But this is another area where mistakes can happen.

“Sometimes there can be mistakes and issues with credit scores that can pop up around forbearance,” Kim says.

Remember, lenders and servicers have never before had to deal with mortgage forbearances on this scale. So it’s up to the borrower to be extra–vigilant and make sure nothing slips through the cracks.

Check your loan statements every month and stay on top of your credit report to make sure your score hasn’t been negatively impacted by forbearance.

Can I end my forbearance plan early?

You don’t have to wait for your six– or 12–month forbearance period to come to an end. Instead, you can opt to exit forbearance earlier than expected.

Just be prepared to pay back the amount you weren’t able to pay while forbearance was in place, cautions Kim.

“The best time to end forbearance is when the borrower is comfortable and able to make payments, including the additional money for repayments they owe,” Kim adds.

If you’re ready to end forbearance, contact your loan servicer and request this.

“But be sure your financial foundation is strong enough, meaning you have some type of emergency fund to back up your ability to pay your mortgage,” suggests Shapiro.

And, make sure you understand your options for repaying the missed amounts so you’re ready to discuss them with your servicer.

Refinancing after mortgage forbearance

Refinancing after you exit forbearance could be a smart move.

If you’re able to lock in a lower interest rate and monthly payment, it could make resuming your mortgage payments that much easier.

That goes double for homeowners who decide to repay their missed loan amount by adding a little extra to each monthly payment.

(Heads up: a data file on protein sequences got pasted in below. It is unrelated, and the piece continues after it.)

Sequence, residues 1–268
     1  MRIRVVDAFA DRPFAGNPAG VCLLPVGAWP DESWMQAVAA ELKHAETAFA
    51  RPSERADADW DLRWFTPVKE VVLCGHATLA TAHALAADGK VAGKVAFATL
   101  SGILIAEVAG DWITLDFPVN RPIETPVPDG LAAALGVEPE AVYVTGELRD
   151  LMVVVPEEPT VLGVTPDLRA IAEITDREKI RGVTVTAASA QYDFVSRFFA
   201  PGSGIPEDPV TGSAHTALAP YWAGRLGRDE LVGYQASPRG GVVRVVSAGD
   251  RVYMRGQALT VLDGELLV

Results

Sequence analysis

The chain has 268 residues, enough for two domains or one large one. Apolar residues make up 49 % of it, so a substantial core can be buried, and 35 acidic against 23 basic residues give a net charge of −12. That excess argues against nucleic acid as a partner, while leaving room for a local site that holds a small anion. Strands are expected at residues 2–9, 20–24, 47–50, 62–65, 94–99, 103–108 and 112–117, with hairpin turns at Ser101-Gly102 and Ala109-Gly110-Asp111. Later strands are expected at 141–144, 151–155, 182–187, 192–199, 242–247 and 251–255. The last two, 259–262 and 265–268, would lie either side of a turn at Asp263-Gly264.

Typically, you won’t be able to refinance right away. But you might be able to do so after you’ve been making payments for a few months.

For most major loan types – including conventional, FHA, and USDA loans – you need to have made at least 3 consecutive payments after exiting forbearance in order to be refinance–eligible.

As long as you meet basic loan requirements, you shouldn’t have to wait longer than 3 months to refinance

Refinance waiting periods on FHA loans may be less than 3 months for some borrowers who qualify for a Streamline Refinance.

The VA loan program is even more lenient.

The VA doesn’t impose a specific waiting period to refinance after forbearance. It only says VA lenders must verify that the borrower has recovered from their financial hardship.

Keep in mind, refinance requirements will vary by lender.

If your current mortgage lender wants to impose a longer waiting period to refinance, shop around for a different lender that can help you refi sooner.

As long as you meet basic credit, income, and debt requirements, you shouldn’t have to wait longer than 3 months after your forbearance plan ends to refinance


Can I get a forbearance extension?

Six or 12 months of forbearance may have provided you a welcome buffer period to get back on solid financial ground. But many Americans are still experiencing financial hardship due to the pandemic.

The good news? Recent changes by Fannie Mae, Freddie Mac, and the federal government have given homeowners additional opportunities to extend their forbearance plans.

  • Homeowners with conventional loans can request two additional 3–month extensions, for 18 months total loan forbearance. To be eligible, you need to have been in a COVID–19 forbearance plan prior to February 28, 2021
  • Homeowners with government-backed loans (FHA, VA, USDA) can request two additional 3–month extensions, for up to 18 months total forbearance

Keep in mind that your mortgage loan servicer – the company you make payments to – still gets to make the final decision on your forbearance extension.

Different servicers have different requirements to qualify for mortgage forbearance, so you need to check with yours about options.

As always, help is only available if you ask for it.

Your mortgage forbearance will NOT be automatically extended. If you need an extension, you must call your servicer and request one.

How to request an extension

“Loan servicers are supposed to reach out to borrowers 30 days before the forbearance plan is scheduled to end to help them understand what options they have for repayment,” says Kim.

But you shouldn’t necessarily wait for your lender or servicer to contact you about this option.

“If you need to continue your forbearance, contact your mortgage servicer well ahead of your forbearance end date,” recommends Boies.